I have the Intel 9560NGW wifi card, which is for the M2 connector on my motherboard (Type E). What is the name or size of the antenna connectors on this card, please? They are small, but do not seem to fit the antennas I found with tiny connectors. If someone can suggest particular antennas for it, preferably that can go to the outside of a case, that would be even better.
Thanks for posting in our community. We understand that you're looking for information regarding the antennas for an Intel® Wireless-AC 9560.
Antenna information for wireless cards is not available for end users. These details are provided to OEM (Original Equipment Manufacturers) in order for them to install the adapters on their systems.
Please bear in mind that Intel does not support, nor recommends custom integration of wireless adapters since this may lead to installation errors, connection issues, software error messages, and in some cases it may even be illegal. Please https://www.intel.com/content/www/us/en/support/topics/oems.html contact your OEM for further assistance. For more information, please check the following advisory:
- https://www.intel.com/content/www/us/en/support/articles/000005687/network-and-i-o/wireless-networki... Regulatory Information Regarding Hardware Installation or Upgrade
Currently, the only supported retail wireless adapter is https://ark.intel.com/products/123742/Intel-Dual-Band-Wireless-AC-8265-Desktop-Kit Intel® Dual Band Wireless-AC 8265 Desktop Kit.
Let us know if there's anything else we can do for you.
Eugenio, thanks for the info, although I cannot say it is very satisfactory -- at least now I know. (or, at least I know that it is a secret) Seems to me that New Egg, where I bought this, really, REALLY should make this clear in their listing! Thanks again.
The 9560 is a two part solution with part of the function on certain motherboards, what you should have gotten is the 9260 which is functionally the same but is a one part solution.
Aivxtla, Thanks for this interesting info. I checked the 9260, but my concern with it is that the connector looks different than the Key E, which is what I have on my mobo, an AsRock Z370 Extreme4. Other users report problems trying to fit cards that aren't specifically Key E into that mobo's M2 wifi slot, which is one reason I thought I needed the form-factor of the 9560. The 9260 has that extra gap in the row of teeth, which I think (?) the Key type E doesn't have. If you think that doesn't matter, I would still consider buying it, as I like the idea of the M2 wifi card.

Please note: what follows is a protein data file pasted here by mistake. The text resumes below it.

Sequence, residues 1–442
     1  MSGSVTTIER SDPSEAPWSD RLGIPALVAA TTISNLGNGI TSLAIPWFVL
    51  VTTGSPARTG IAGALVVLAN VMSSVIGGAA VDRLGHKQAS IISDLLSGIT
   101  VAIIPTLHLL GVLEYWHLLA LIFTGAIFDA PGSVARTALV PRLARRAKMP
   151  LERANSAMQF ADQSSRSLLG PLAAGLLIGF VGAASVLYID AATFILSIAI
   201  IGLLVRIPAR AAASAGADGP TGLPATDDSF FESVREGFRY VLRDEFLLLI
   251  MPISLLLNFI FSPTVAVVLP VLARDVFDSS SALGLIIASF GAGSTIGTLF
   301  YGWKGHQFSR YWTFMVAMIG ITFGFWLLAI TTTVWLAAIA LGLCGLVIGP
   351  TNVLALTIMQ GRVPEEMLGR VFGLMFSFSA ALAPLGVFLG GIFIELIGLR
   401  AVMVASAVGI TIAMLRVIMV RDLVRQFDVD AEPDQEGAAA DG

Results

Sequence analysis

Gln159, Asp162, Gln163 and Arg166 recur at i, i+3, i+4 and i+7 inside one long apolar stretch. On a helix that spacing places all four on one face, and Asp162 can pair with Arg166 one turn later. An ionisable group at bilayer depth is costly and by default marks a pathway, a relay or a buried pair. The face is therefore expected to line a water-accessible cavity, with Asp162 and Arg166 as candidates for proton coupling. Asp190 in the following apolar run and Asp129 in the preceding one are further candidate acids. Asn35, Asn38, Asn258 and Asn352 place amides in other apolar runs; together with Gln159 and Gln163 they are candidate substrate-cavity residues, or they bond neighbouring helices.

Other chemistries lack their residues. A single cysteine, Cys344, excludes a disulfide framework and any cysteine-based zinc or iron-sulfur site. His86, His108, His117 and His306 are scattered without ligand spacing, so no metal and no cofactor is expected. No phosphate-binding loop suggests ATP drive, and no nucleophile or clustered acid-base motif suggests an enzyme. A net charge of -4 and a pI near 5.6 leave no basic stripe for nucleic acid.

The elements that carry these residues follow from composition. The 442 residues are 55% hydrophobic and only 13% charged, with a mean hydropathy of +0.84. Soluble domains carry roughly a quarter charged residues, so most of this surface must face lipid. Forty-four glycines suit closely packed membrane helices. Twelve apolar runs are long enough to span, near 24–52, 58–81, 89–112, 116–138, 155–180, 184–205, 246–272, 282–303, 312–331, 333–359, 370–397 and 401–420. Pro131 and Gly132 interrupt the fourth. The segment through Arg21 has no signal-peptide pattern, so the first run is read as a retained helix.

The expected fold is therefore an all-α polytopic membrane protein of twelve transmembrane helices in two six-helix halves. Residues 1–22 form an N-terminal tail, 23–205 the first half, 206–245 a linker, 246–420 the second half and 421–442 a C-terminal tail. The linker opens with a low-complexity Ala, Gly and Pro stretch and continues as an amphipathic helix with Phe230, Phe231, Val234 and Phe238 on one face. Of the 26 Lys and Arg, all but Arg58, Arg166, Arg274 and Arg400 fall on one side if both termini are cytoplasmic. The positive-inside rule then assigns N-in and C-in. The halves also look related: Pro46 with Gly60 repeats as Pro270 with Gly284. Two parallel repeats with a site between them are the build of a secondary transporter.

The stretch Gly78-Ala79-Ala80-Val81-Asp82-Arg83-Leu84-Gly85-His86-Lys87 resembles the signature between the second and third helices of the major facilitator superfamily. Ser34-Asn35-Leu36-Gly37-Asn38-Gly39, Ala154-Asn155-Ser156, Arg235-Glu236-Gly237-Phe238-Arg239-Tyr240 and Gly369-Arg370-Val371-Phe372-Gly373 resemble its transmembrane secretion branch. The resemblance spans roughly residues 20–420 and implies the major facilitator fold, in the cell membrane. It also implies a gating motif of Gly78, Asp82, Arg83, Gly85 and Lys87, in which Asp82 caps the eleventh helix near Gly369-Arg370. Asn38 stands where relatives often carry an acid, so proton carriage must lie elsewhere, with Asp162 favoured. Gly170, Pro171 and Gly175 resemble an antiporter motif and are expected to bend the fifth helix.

I just came to the Intel Support community with a similar question. In my case I have bought the Intel Wireless-AC 9260 which fits just fine (and works) on my ASRock Z370 Extreme 4 board. So I'm hoping that answers part of your question. This card does indeed fit into the M.2 key E slot.
The issue for me is the antenna pigtails. I can't find information about the connectors. I bought one set that was correct, but the wire was stiff and the space on the mobo was too tight, so ultimately I snapped the connector off the pigtail. In trying to find a more pliable connector, I'm now into my 3rd set with no luck.
It's a U.FL type connector and you would need a RP-SMA to U.FL cable. This is a really small connector so it is best to be installed by a competent and experienced person familiar with and working experience with these connectors. It isn't hard to break the connector. Now, I have experience with these connectors on other RF devices. The reason I suggest this type of cable is is you can use that type of cable to a back plate to allow you allow you to use a regular WiFi antenna.
The more technical matters: The legal issue that the Intel employee mentioned is when you are boosting the antenna or otherwise using it at a dBm level above that which is authorized by FCC without requiring an FCC license such as the Amateur Radio license (Ham radio license). dBm can be calculated into watts to determine maximum wattage of RF output. Normal non-boosted Wifi antennas do not exceed that level. When I mean boosted, I mean using a 2.4 GHz RF signal booster in between the WiFi module and the antenna. Basically they are linear amplifiers much like the ones used back in the old CB days but usually much smaller but still have the output power to exceed FCC limits on this radio frequency spectrum for unlicensed users. These modules may violate laws in other countries and are certified for use in the U.S. unless you get it in another country for use in that country. Each country has their own equivalent of the FCC. So be mindful of the RF laws and regulations of the countries you are in or visiting. I expect a lot of countries to have made some of the channels of the 2.4 GHz Wifi spectrum available but not necessarily all of them. Each country makes their own rules after all. As for the legal issue around the U.FL connector, makes little sense to me within the U.S. context. The legal stuff are always technical in nature.